OSHA Regulations

The U.S. Occupational Safety and Health Act of 1970 requires private sector employees to prepare and maintain records of work-related injuries and illness. Employers with 11 or more employees in the following industries must keep records: agriculture, forestry, fishing, construction, manufacturing, transportation, public utilities, and wholesale trade. Employers with 11 or more workers also must maintain an OSHA 200 log and report all accidents resulting in work-related death or 5 days of hospitalization or longer. In addition, employers are advised to follow general standards that include the evaluation and monitoring of physical hazards in the workplace. This requirement includes providing hazardous material training, establishing a respiratory protection program, and providing a hearing protection program (1,2).

The legislation that created OSHA applies to all eligible workplaces. However, an agricultural worker may be employed by a large multinational conglomerate that employs a staff of full-time professionals to administer safety programs or by a small family-owned farm that is not bound by federal OSHA regulations. Twenty-five U.S. states and territories operate their own "OSHAs." Employers in the following states and territories should contact their local agencies for regulatory statutes: Alaska, Arizona, California, Connecticut (covers state and local government employees only), Hawaii, Indiana, Iowa, Kentucky, Maryland, Michigan, Minnesota, Nevada, New Mexico, New York (covers state and local government employees only), North Carolina, Oregon, Puerto Rico, South Carolina, Tennessee, Utah, Vermont, Virginia, Virgin Islands, Washington, and Wyoming. Individuals who are self-employed or are not directly covered by these regulations should still evaluate their work site for physical hazards.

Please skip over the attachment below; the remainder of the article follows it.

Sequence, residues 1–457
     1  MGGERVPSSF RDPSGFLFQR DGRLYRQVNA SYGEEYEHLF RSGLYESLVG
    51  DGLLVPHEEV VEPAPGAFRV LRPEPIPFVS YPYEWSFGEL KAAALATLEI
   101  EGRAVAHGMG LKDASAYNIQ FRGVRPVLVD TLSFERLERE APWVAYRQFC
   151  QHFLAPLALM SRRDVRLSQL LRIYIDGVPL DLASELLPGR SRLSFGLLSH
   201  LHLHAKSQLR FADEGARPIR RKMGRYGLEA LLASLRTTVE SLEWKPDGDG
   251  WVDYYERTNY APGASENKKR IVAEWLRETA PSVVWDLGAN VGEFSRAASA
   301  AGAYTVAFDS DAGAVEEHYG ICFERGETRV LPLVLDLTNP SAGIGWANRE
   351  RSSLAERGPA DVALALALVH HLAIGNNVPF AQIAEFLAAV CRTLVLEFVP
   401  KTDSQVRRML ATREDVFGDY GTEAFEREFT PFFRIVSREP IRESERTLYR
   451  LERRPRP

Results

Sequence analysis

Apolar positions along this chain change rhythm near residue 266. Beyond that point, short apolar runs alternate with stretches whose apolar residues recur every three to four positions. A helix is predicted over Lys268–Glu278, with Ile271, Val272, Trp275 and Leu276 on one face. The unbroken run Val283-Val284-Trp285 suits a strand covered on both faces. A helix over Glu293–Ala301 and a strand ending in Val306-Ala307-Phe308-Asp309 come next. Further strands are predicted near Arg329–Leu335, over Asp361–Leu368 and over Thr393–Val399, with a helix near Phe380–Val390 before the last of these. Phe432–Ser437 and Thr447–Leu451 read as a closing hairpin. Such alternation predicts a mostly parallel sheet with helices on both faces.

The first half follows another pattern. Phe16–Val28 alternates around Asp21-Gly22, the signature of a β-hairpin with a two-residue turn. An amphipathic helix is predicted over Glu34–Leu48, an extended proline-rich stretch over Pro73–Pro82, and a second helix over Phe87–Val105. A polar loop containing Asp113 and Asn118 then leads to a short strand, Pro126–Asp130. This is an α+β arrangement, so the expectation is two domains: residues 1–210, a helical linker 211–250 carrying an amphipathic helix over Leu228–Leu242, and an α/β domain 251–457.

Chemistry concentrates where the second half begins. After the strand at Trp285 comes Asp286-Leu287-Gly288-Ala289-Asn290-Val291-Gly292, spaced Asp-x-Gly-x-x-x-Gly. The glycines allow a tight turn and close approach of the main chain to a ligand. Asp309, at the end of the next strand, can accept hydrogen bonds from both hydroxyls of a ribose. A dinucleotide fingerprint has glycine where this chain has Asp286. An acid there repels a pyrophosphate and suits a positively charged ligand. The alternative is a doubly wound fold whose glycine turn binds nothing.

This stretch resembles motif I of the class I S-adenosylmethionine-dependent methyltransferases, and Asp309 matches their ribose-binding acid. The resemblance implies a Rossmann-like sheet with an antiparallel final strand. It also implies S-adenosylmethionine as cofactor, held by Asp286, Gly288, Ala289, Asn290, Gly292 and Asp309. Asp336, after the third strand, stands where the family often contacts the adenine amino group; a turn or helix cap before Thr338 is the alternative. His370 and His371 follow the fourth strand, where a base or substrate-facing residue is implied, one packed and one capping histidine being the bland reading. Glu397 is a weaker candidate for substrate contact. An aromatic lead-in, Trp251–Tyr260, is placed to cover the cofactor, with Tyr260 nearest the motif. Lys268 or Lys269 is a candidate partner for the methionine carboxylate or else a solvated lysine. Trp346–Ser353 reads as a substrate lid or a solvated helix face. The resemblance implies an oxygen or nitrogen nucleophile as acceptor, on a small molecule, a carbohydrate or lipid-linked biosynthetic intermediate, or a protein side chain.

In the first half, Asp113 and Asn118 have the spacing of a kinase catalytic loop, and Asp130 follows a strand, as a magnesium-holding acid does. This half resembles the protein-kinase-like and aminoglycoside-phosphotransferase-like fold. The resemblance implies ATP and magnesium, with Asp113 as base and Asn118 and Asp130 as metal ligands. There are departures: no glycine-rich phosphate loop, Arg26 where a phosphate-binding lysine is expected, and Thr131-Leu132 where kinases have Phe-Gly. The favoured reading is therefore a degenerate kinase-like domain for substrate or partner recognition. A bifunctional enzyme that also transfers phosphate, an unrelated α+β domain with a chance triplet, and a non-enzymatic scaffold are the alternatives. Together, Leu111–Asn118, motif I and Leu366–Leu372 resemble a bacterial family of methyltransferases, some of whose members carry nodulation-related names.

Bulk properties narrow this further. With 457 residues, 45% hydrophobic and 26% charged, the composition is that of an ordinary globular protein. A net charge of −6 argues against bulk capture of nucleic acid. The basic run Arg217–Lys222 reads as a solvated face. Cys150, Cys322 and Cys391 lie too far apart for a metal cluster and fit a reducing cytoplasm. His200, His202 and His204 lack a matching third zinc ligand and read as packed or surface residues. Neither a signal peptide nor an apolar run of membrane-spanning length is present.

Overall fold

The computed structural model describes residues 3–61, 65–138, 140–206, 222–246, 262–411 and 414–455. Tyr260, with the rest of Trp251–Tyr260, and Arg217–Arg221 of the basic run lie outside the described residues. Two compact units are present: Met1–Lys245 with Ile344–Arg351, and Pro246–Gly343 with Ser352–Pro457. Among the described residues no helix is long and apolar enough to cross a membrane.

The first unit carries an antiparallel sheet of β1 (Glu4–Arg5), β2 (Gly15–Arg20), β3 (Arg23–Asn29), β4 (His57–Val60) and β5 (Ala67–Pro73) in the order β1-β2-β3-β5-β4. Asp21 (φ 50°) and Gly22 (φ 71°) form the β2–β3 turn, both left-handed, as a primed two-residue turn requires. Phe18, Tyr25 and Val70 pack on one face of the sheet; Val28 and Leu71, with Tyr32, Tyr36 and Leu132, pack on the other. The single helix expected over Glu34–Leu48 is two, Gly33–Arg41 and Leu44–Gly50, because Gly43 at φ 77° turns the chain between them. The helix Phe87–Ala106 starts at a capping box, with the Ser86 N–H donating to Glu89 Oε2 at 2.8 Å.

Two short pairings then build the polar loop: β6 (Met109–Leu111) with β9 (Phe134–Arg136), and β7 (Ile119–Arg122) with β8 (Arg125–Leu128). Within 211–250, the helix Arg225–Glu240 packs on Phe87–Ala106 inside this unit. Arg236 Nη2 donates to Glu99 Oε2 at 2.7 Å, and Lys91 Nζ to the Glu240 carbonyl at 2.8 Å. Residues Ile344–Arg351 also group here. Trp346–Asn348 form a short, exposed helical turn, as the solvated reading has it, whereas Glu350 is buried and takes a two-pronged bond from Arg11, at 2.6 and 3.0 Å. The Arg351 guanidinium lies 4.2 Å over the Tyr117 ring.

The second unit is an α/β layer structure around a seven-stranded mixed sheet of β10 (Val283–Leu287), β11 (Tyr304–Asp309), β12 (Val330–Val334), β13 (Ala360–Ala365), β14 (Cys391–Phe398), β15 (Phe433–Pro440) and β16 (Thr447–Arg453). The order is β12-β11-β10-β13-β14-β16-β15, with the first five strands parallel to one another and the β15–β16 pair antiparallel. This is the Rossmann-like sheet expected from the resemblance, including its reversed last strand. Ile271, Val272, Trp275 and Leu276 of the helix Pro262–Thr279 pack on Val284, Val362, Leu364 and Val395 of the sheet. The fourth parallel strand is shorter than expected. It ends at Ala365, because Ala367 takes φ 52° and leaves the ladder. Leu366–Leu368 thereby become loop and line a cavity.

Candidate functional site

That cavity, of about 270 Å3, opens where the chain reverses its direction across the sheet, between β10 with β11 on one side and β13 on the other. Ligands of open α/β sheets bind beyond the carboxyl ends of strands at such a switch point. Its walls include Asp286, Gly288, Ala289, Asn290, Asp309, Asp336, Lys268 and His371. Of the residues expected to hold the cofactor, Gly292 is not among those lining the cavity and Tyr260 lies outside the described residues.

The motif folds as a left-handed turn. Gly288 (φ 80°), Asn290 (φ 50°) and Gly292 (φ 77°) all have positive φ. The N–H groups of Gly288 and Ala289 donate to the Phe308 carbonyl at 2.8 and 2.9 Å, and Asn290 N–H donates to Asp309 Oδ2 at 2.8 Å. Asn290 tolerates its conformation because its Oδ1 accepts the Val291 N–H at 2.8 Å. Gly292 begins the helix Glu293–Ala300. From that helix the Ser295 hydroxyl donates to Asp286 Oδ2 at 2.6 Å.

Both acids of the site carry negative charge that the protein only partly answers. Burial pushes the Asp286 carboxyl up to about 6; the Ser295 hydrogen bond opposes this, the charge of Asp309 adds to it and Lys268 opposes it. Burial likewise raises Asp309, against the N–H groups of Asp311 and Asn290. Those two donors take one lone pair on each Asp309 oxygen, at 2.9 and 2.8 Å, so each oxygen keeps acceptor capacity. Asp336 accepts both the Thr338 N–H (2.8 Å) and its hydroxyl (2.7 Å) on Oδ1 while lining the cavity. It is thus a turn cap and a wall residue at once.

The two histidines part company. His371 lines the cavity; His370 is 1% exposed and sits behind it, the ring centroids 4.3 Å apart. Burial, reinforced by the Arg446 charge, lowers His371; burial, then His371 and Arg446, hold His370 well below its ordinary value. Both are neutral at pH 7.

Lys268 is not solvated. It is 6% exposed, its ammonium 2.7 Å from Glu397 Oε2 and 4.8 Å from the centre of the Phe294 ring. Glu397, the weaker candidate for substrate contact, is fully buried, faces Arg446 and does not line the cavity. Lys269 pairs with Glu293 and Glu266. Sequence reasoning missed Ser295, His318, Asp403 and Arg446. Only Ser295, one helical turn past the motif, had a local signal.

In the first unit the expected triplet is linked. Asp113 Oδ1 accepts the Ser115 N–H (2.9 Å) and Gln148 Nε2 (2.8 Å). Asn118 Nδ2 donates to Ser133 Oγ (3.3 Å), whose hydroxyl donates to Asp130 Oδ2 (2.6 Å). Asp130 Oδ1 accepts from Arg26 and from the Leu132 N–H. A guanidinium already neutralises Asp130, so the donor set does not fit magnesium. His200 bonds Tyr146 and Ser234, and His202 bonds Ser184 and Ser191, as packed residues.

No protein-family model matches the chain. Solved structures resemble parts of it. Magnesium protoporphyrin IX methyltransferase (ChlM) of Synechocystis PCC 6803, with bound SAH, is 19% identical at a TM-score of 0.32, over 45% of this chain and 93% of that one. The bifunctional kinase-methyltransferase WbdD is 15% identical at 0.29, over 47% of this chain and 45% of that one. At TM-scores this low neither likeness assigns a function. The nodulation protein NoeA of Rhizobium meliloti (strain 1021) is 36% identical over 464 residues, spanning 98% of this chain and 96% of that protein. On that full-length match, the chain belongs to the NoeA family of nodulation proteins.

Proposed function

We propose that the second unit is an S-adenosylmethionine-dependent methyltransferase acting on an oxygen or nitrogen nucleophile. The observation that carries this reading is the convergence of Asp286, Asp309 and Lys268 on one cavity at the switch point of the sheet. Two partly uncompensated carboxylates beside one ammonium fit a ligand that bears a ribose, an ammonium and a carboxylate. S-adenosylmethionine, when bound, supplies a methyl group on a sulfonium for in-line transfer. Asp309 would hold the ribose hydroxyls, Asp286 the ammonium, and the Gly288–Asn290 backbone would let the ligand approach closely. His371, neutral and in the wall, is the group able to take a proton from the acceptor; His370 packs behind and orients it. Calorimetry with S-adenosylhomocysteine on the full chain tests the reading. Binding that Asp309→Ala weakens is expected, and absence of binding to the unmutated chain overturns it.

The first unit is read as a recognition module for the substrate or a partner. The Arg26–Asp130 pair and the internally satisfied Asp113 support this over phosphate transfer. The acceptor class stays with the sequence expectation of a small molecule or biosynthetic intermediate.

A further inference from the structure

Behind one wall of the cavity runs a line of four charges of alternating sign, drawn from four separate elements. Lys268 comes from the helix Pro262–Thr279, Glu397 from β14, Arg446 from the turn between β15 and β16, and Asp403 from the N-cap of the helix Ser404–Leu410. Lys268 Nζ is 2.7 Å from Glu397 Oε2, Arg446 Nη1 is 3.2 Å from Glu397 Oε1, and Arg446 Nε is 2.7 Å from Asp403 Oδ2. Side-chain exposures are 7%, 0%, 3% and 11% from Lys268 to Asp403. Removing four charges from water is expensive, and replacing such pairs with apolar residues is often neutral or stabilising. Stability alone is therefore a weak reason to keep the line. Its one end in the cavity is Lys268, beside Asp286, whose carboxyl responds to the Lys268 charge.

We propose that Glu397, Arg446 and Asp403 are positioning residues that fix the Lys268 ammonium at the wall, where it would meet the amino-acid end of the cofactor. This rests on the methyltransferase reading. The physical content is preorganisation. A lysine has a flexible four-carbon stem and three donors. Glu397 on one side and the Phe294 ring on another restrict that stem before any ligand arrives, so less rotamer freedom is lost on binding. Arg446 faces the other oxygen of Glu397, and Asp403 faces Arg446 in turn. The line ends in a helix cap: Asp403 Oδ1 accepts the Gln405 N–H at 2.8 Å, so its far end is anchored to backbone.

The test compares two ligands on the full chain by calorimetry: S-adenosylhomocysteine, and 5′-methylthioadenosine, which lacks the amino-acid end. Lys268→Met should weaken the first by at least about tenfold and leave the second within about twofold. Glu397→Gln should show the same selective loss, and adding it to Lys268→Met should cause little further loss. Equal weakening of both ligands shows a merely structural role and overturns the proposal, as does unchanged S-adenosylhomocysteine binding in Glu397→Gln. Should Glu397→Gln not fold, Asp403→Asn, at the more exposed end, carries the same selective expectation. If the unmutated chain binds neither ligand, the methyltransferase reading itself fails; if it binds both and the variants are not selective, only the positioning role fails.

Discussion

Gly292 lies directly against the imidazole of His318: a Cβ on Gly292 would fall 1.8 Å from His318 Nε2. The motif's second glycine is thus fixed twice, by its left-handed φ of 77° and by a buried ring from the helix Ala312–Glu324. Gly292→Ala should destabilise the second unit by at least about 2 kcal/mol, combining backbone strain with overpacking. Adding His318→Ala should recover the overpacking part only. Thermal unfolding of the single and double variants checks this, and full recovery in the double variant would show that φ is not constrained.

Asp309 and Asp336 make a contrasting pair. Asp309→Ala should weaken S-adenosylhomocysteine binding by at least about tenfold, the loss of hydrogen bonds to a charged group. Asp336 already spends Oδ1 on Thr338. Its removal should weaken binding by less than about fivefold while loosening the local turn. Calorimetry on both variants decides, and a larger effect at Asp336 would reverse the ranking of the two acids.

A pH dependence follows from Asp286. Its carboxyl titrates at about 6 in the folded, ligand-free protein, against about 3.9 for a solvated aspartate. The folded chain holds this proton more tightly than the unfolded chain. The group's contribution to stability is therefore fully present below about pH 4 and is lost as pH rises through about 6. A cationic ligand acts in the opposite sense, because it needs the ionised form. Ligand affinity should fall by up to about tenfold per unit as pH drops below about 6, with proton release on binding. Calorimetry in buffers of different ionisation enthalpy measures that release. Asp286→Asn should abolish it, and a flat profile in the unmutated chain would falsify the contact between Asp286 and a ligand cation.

Around the world, various countries have their own work injury reporting and prevention programs. The strongest are in Europe and Japan. Lack of consistency in rules and regulations between countries are a problem in companies with operations in the new global economy.

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